Emergency Preparedness & Response

About Us

The Emergency Preparedness & Response Program prepares the health department to respond rapidly and effectively to natural and made disasters, including terrorism. It works closely with the City’s Emergency Planner. The EP&R program plans for the worst, exercises these plans to see if they can be carried out and makes adjustments and updates as necessary. EP&R us a comprehensive planning, and intelligence analyzation and monitoring program that works in concert with the Epidemiologist and communicable disease team, along with the Homeland Security Department, the Emergency Manager for the City of Hampton, Virginia, and other State and Federal agencies.

EP&R is constantly monitoring reports and situations from all over the local area, State of Virginia, and, in fact, the entire world, that may be of concern to the public’s health.

The EP&R program also works closely with State and local agencies to develop response plans for both natural (flooding and hurricanes) and manmade threats such as chemical spills or intentional attacks as well as the intentional release of a biological agent. Plans have been made, or are in the process of being completed, to provide a rapid response with healthcare, including the following:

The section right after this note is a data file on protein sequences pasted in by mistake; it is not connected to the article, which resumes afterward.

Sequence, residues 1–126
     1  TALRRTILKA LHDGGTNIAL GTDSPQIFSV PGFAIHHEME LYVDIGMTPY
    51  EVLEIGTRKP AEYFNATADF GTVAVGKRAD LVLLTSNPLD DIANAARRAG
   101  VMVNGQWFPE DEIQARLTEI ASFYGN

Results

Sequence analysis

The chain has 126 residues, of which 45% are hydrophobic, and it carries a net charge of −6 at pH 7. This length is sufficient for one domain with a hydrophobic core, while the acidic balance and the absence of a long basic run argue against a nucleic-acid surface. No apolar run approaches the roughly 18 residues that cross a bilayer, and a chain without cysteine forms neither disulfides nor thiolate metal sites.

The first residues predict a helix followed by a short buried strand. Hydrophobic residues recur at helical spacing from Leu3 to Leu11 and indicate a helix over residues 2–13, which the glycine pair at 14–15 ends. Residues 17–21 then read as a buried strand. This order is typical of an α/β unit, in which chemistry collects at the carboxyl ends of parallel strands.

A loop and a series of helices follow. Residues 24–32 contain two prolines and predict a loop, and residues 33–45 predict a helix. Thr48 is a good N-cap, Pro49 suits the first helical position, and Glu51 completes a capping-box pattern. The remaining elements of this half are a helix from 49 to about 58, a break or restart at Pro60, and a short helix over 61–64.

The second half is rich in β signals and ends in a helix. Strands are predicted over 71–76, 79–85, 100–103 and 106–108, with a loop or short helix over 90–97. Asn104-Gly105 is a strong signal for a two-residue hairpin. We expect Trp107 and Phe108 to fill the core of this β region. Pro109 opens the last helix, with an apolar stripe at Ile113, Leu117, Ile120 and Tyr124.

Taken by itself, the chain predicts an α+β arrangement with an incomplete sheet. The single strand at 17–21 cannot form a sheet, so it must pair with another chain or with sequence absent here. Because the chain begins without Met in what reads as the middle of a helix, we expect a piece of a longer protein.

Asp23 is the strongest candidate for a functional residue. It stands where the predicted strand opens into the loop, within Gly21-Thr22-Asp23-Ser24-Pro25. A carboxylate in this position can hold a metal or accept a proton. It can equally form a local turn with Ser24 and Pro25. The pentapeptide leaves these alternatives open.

Pre and post hurricane
Severe Acute Respiratory Syndrome (SARS)
Influenza (Flu)
Anthrax
Plague
Smallpox

Plans are also in place to request enough medical supplies for our entire health districts and outlying cities, to be in place within 12 hours, more than enough time to ensure timely and proper treatment.

EP&R is available for any questions you may have regarding Bioterrorism events.